Each week we pay homage to a select "Original Creator"—an iconic artist from days gone by whose work influences and informs today's creators. These are artists who were innovative and revolutionary in their fields. Bold visionaries and radicals, groundbreaking frontiersmen and women who inspired and informed culture as we know it today. This week: Sang-Soo Ahn.
Simply put, Sang-Soo Ahn (1952- ) is the godfather of Korean typography. His inimitable legacy imprinted on the scriptural revolution of Hangul, the Korean alphabet, places him at the forefront of East Asian design and beyond. Much more than a typographer and graphic designer, he is a multi-faceted cultural producer who transmits his poignant philosophy through various mediums from visual design to poetry, photography, and installation. With about 40 years of innovative contributions under his pen, this designer has reinvented and championed the field of linguistic illustration.
Generally understood as the simplest writing system in the world, Hangul, so linguists say, can be learned within just a few hours. Comprising 14 consonants and 10 vowels, this practical linguistic system is founded on five basic elements: vertical, horizontal, and diagonal strokes, the dot, and the circle. Established by order of King Sejong in the mid-15th Century in a progressive effort to create an alphabet unique to the spoken idiom and, in doing so, break away from its foundation in Chinese ideograph, Hangul symbolically realizes Korea's cultural independence.
The iron Hangul Gate at the artist’s home.
Blossom Hangul featuring the ‘ㅎ’ (hiut) consonant.
Sang-Soo Ahn fosters and transmits the history of his native language through unparalleled idiosyncrasy. He was the first to "step out of the box," so to speak, exploiting the graphic flexibility of Hangul and removing it from its incommodious square-framed structure. His unconventional pursuits are reminiscent of Jan Tschichold, as the German typographer's 1928 manifesto, Die Neue Typographie (The New Typography), was a prominent influence and essential gateway to European design and theory for Ahn.
Welcome Ahn Sangsoo
After graduating from Seoul's most prominent art institution, Hongik University, Ahn began his career as an advertising designer in public relations for what is now LG Electronics, but ultimately chose to shake off his corporate constraints. Very soon the young designer began to cement his footsteps in the creative community by working as an art editor for Ggumim magazine in 1981, then becoming the art director for magazines Ma-dang and Meot by 1983. It was during this time he began examining the readability of the Korean typeface in newspapers, for which he was awarded a Korea Newspaper Award.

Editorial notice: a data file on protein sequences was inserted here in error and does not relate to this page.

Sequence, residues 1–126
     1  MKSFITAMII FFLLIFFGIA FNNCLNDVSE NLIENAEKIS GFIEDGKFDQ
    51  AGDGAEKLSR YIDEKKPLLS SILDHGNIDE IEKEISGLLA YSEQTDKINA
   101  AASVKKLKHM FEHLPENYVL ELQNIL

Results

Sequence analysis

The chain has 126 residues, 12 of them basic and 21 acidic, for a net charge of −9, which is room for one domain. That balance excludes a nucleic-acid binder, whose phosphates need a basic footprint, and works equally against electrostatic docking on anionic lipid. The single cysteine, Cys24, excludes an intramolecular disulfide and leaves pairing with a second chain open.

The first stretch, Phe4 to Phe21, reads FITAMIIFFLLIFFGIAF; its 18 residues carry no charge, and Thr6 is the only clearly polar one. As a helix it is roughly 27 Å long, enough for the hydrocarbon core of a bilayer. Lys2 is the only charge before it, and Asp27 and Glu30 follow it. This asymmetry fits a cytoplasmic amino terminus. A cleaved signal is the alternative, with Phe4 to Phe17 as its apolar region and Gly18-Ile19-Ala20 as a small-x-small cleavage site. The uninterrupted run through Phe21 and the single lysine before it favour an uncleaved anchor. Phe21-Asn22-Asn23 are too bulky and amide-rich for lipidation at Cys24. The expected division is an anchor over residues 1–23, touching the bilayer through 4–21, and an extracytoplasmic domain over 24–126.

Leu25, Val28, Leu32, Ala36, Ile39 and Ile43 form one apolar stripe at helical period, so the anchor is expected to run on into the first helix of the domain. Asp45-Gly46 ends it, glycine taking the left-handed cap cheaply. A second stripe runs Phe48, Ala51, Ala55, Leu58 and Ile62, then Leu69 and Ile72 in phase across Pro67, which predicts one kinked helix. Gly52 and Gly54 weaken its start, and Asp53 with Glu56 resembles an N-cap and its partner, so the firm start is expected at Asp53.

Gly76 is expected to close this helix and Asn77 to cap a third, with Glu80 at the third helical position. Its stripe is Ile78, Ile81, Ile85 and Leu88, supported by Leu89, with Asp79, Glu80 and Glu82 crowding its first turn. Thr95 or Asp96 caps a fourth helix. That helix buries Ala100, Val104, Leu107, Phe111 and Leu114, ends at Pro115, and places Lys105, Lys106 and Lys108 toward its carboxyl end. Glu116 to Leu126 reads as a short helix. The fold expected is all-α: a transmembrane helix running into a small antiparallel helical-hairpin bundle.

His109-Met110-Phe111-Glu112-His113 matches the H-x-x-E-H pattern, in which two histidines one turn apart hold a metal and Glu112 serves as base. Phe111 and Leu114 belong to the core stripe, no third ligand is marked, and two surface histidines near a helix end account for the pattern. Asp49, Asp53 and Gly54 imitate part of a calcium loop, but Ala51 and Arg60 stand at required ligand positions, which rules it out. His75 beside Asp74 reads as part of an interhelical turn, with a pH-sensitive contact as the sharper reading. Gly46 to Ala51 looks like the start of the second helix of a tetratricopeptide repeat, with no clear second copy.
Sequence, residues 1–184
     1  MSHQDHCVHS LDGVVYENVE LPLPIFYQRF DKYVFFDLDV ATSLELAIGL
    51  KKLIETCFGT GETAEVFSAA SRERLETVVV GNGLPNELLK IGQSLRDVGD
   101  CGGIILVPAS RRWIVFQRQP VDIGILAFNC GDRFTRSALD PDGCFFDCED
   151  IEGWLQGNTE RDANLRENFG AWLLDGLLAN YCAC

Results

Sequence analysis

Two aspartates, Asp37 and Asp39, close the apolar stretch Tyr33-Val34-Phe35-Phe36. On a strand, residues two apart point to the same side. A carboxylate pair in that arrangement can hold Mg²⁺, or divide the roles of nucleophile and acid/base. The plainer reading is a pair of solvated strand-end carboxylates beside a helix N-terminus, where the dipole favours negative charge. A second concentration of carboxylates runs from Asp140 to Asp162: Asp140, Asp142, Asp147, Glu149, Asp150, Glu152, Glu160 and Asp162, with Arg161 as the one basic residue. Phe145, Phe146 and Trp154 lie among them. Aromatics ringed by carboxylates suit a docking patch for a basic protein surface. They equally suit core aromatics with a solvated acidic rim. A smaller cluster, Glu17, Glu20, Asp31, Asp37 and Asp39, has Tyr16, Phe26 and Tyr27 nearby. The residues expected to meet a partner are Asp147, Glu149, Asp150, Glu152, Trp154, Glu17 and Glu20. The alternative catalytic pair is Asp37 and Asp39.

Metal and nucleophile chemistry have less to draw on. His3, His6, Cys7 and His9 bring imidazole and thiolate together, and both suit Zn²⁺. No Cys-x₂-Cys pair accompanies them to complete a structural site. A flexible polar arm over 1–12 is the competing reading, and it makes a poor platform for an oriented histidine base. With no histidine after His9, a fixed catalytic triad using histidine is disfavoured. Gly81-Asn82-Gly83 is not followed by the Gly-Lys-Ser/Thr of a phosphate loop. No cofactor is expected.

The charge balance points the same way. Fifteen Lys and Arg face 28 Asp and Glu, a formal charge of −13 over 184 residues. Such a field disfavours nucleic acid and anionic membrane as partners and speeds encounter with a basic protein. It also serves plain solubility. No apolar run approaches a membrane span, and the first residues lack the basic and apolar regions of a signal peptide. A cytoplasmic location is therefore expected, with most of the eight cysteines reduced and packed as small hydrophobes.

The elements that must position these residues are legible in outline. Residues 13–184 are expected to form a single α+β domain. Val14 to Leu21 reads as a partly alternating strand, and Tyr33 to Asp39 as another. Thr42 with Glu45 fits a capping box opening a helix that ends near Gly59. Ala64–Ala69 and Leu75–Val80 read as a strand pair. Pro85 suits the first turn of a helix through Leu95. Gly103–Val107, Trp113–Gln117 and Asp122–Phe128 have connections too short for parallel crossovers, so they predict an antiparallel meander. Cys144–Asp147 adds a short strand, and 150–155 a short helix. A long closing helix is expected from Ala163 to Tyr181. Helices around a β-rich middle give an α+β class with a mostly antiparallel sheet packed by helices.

This eventually led to the designer's first self-titled typeface configuration in 1985, the same year he founded Ahn Graphics, a design firm and publishing house. As today’s representative Korean font, the Ahn Sang-Soo typeface marks the first Hangul type that accords attention to variable width. At present, Ahn totals four major fonts in Hangul.
I-Sang font named after his favorite Dadaist poet, I-Sang.
From opening the first internet cafe in the country to his four thousand plus collection of one.eye photographs to being vice president of ICOGRADA from 1997-2001, the designer is, to say the least, one of the most active Korean creatives in the global community. The clout of Ahn’s contributions to Korean typography has granted him a plethora of awards including Designer of the Year from Design Magazine from as early as 1983, recipient of the GRAND PRIX from ZGRAF 8 in 1998, and the 2007 Gutenberg Prize. He continues to educate young designers at his alma mater, Hongik University, as a professor of typography. In addition, Ahn disseminates his radical innovations through the publication of his alternative art and culture magazine bogoseo/bogoseo or report/report, which he started in 1988.
What is incredibly unique throughout his graphic repertoire is his ability to draw out and emphasize the elementary, as can be seen above in this experimental examination of the ‘ㅇ’ (iung) character. Succinct and bold in meaning and appearance, the achievement embedded in the few words of the title exemplify the basic philosophy of the designer. With the punctuation of each period organizing his artistic intention and resonating the staccato rhythm when read, this onomatopoeic phrase subsumes the thoughtfulness subtly inherent in his designs, wherein function becomes practical as much as it is aesthetic.